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Titanic book cover: Gilded Lives

The maiden voyage of the RMS Titanic should have been a celebratory event from start to finish.

In every way, she was a testament to human ingenuity.

Paul Revere

The name Paul Revere is synonymous with revolution. He was a member of the Sons of Liberty, took part in the Boston Tea Party, and set out on his now legendary ride to alert colonists of the approaching British forces.

Doubtless, most Americans are familiar with what Paul Revere did, but how much do we know about who he was?

The Lucky Greyhound

This brief and beguiling book by artist Beverly Hembold Erschell (erschell.com) attracts a wide audience—art lovers, dog lovers, and all ages. It’s ideal to share with grandchildren, or simply to enjoy by oneself. Erschell, in prose and in paintings, tells us about her dog Maple, a greyhound who just never fit into the normal greyhound lifestyle.

Mark Twain sitting on front porch

No author occupies a more prominent place in the pantheon of American literature than Mark Twain. The father of endearing characters like Tom Sawyer and Huckleberry Finn, he has managed to remain as indelible as his stories are timeless.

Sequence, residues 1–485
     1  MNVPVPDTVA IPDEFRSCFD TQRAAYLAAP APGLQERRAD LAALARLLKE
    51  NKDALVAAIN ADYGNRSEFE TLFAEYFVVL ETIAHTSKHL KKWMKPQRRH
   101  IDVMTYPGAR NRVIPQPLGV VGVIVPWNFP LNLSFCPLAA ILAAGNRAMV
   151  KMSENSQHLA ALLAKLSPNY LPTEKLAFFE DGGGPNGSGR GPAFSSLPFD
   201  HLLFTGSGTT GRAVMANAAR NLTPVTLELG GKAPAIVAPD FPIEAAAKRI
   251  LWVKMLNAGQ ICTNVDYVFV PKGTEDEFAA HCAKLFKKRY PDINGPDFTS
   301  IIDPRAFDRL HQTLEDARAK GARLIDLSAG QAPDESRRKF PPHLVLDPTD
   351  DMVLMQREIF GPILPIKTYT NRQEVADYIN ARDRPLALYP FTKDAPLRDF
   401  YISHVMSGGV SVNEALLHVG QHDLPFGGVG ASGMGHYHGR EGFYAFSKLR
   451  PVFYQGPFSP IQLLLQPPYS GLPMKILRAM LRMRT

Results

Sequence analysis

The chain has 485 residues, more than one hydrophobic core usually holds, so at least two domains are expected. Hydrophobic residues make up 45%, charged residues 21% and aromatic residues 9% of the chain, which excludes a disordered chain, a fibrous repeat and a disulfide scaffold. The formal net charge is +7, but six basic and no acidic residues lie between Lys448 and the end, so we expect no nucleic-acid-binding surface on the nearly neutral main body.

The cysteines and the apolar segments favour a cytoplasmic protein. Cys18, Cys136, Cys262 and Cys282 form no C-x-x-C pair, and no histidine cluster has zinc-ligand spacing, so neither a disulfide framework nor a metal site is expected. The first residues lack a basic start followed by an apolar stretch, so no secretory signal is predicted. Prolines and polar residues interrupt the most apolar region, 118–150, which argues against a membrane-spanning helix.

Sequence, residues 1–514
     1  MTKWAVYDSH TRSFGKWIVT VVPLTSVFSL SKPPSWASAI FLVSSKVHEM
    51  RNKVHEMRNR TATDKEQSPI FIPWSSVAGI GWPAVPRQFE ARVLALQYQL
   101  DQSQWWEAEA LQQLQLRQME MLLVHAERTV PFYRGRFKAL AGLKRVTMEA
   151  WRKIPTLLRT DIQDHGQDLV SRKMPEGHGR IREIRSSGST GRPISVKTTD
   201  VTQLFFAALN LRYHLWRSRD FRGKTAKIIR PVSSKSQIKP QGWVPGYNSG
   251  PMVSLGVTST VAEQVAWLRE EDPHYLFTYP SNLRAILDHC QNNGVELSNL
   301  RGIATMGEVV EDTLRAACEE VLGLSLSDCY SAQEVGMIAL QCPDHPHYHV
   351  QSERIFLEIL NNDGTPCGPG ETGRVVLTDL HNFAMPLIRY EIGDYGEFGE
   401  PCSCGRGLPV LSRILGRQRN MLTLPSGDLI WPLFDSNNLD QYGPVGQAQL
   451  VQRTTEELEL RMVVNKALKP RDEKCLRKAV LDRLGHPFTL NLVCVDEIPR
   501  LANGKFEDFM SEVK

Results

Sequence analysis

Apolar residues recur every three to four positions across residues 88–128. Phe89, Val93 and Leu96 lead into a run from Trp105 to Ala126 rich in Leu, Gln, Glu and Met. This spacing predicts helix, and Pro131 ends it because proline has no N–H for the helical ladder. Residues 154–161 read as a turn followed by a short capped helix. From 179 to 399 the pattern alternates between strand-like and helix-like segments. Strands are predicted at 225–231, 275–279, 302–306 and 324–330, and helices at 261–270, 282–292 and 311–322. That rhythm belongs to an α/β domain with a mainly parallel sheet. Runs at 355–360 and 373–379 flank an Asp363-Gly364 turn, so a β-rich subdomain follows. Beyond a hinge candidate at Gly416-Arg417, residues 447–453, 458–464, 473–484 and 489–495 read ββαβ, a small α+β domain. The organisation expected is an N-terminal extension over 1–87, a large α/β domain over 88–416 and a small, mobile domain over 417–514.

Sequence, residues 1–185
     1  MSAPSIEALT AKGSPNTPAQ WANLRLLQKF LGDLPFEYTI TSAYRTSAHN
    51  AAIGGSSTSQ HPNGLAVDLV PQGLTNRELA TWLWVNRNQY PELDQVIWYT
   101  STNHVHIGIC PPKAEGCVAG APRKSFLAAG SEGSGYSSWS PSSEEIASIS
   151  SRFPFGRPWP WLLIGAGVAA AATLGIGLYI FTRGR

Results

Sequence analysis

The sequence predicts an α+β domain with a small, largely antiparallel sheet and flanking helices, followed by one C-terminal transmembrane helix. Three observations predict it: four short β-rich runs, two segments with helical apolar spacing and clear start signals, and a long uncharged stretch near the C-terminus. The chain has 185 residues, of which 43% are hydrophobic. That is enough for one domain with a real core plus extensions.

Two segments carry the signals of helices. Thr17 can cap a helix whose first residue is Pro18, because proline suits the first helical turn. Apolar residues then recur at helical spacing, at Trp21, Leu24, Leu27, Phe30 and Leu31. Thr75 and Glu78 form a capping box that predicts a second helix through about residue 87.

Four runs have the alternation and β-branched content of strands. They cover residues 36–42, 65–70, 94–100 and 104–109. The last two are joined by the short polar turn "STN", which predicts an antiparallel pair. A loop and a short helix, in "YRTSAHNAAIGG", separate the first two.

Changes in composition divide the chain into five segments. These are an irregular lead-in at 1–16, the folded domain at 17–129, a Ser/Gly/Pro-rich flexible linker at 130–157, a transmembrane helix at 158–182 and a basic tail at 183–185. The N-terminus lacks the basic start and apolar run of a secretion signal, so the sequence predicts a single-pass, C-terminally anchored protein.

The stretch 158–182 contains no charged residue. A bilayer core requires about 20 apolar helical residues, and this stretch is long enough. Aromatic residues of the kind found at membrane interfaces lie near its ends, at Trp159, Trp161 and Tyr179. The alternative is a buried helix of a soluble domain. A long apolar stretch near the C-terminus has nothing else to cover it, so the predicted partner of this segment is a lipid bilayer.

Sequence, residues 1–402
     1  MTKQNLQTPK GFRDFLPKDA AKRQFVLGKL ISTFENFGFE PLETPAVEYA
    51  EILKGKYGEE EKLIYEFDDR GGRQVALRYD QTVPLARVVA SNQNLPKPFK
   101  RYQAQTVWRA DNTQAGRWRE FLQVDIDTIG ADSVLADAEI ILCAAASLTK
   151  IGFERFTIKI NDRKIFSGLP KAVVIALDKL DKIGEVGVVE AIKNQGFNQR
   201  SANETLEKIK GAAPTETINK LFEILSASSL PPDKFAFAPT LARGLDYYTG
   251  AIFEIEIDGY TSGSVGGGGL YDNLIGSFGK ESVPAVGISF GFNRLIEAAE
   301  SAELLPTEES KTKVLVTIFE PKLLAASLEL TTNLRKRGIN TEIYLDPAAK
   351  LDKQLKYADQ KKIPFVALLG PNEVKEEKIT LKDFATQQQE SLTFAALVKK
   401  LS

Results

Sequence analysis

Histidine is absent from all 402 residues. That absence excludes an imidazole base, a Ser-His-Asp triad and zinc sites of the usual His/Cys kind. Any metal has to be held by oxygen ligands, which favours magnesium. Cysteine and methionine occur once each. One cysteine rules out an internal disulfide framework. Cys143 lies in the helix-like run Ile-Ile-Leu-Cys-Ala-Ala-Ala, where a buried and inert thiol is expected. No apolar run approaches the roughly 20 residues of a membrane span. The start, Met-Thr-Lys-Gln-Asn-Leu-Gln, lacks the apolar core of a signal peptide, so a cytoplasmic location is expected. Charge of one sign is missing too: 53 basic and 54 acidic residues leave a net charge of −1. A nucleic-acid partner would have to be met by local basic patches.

Book: Backstage at the Lincoln assassination

Everyone thinks they’ve heard the whole story. On the evening of April 14, 1865, President Abraham Lincoln and his wife Mary visited Ford’s Theatre in Washington, D.C., to see the comedy Our American Cousin.

John Milton Jay

Few characters have enjoyed such a sweeping role in American history as John Milton Hay. Starting in his early 20s, he embarked on a 40-year career at the highest levels of the U.S. government as a player in some of the most pivotal episodes of politics and war.

Lincoln Deception book

For several years, David Stewart has made his literary bones in the realm of nonfiction with award-winning bestsellers like The Summer of 1787 (Simon & Schuster, 2008), Impeached (Simon & Schuster, 2009), and American Emperor (Simon & Schuster, 2011). His latest book, The Lincoln Deception (Kensington, 2013), is something of a departure.

Robert Ripley biography

Since his death in 1949, Robert Ripley’s name has become more familiar than the man himself. The passage of time has reduced his presence to a title on TV, a sign on a museum, and the catch phrase “Believe it or not.”

But Robert Ripley was indeed a living, breathing human being. 

Prince Albert

What is more British, and more male, than the London clubs that have clustered on or near the street of Pall Mall since the eighteenth and nineteenth centuries? In their way they define a society, so it’s a surprise to find a definitive book about them, A Room of His Own—A Literary-Cultural Study of Victorian Clubland (Ohio University Press/Swallow Press), by an American.